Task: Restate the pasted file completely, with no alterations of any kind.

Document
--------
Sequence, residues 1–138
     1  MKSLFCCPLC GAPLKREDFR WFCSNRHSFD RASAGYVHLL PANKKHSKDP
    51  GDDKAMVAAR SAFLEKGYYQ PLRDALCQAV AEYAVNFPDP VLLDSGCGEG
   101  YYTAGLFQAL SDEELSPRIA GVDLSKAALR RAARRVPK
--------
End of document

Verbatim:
Sequence, residues 1–138
     1  MKSLFCCPLC GAPLKREDFR WFCSNRHSFD RASAGYVHLL PANKKHSKDP
    51  GDDKAMVAAR SAFLEKGYYQ PLRDALCQAV AEYAVNFPDP VLLDSGCGEG
   101  YYTAGLFQAL SDEELSPRIA GVDLSKAALR RAARRVPK